Genre: Comedy/Romance Director: James L. Brooks Cast: Owen Wilson, Reese Witherspoon, Jack Nicholson, Paul Rudd, Kathryn Hahn, Yuki Matsuzaki, Mark Linn-Baker, Lenny Venito RunTime: 2 hrs 1 min Released By: Sony Pictures Releasing International Rating: PG (Some Sexual References) Official Website:http://www.howdoyouknow-movie.com/
Opening Day: 3 March 2011
Synopsis: Reese Witherspoon, Owen Wilson, Paul Rudd, and Jack Nicholson star in "How Do You Know", the new comedy written and directed by James L. Brooks that takes a contemporary and romantic look at the question, "How do you know?"
Lisa (Witherspoon) is a woman whose athletic ability is the defining passion of her life, having been her focus since early childhood. When she is cut from her team, everything she has ever known is suddenly taken from her. Not knowing what to do, she stumbles toward regular life. In this mode, she begins a fling with Matty (Wilson), a major league baseball pitcher, a self-centered ladies man - a narcissist with a code of honor.
George Madison (Rudd) is a straight-arrow businessman whose complicated relationship with his father, Charles (Nicholson), takes a turn when George is accused of a financial crime, even though he's done nothing wrong. Though he may be headed to jail, George's honesty, integrity, and unceasing optimism may be his only path to keeping his sanity.
Before Lisa's relationship with Matty takes root, she meets George for a first date on the worst evening of each of their lives: she has just been cut, and he has just been served. When everything else seems to be falling apart, they will discover what it means to have something wonderful happen.
How do you know when a movie isn’t that great, but yet there’s something which keeps you watching till the end credits rolled?
Nope, it’s not when your leading lady is Academy Award winner Reese Witherspoon, who seems flustered and distracted as the female protagonist who has just been cut from the USA softball team due to age. It may help that Witherspoon looks fresh faced and charmingly sweet in most of the scenes, her performance in the 121 minute movie does not come across as exceptionally delightful, considering what she had given in films like Pleasantville (1998) and Legally Blonde (2001).
It is also not when the second billed Owen Wilson looks goofily appealing as a major league baseball pitcher who dates Witherspoon’s character. The comedian has been able to pull off quirky roles in films like The Life Aquatic with Steve Zissou (2004) and The Darjeeling Limited (2007), but in this somewhat dreary romantic comedy, Wilson just seems to be doing the obligatory, and fails to have much chemistry with his leading lady.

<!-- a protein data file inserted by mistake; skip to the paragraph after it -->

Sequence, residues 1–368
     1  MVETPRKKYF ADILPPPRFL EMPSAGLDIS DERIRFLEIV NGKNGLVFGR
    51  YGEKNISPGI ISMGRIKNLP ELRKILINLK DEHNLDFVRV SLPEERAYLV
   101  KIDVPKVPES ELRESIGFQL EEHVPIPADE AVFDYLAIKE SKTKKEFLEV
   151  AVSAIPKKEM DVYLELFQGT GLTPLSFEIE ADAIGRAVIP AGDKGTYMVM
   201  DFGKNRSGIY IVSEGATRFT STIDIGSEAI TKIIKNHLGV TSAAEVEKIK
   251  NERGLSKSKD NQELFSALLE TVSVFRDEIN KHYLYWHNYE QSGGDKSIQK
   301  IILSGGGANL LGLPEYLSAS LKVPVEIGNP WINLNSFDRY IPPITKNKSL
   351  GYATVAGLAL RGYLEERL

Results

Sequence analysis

We are sure the movie isn’t held together by three time Academy Award winner Jack Nicholson, who plays a father and boss figure who gets into some trouble with the law. The actor, who is well known for his portrayal of neurotic characters (just look to 2002’s About Schmidt and 2003’s Something’s Gotta Give), does his usual and effortlessly gives what is required of him without much spark.
So it has to come to the underrated Paul Rudd, whom we obviously have been rooting for quite a while. The unassuming Rudd plays an executive who feels down and out when he finds himself the target of a criminal investigation. Not only does he lose his girlfriend, he also has some trouble handling his eccentric father played by Nicholson. Yes, Rudd is the man who has managed to make us stay seated throughout this otherwise forgettable production.
The story is centered on the love triangle between Witherspoon, Wilson and Rudd as they meander through the movie’s overlong runtime through a series of inconsequential events, which, well, eventually leads to a happy ending. In the mix is Nicholson’s father and boss character who, if you ask us, does not serve much purpose to the unfocused plot.
The renowned James L. Brooks is the writer director who has penned and helmed the charismatic As Good as It Gets (1997), which led to Nicholson winning the Oscar for Best Actor. Having also written and directed 1983’s Terms of Endearment (for which Nicholson won a Best Supporting Actor), the Academy had recognised his talent by awarding him with the Oscar for Best Director and Best Adapted Screenplay. The enigmatic film also won Best Picture that year. So what happened with this movie, which seemed to have all the correct elements but fell flat as a whole?
The humour isn’t spectacular here, as most of the jokes appear clichéd and uninteresting. The courage to find true love amidst the trials and tribulations of life crises has been done to death, which means the entire picture may be a yawn fest for the demanding viewer. The uneven pacing and imprecise plot development does not help either – and the cast, as likeable as they are, to hold the show with their personalities. What a pity then, as we were really hoping to recommend a movie starring Rudd.
(The movie may feature likeable leads, but it is really nothing but a passé romantic comedy)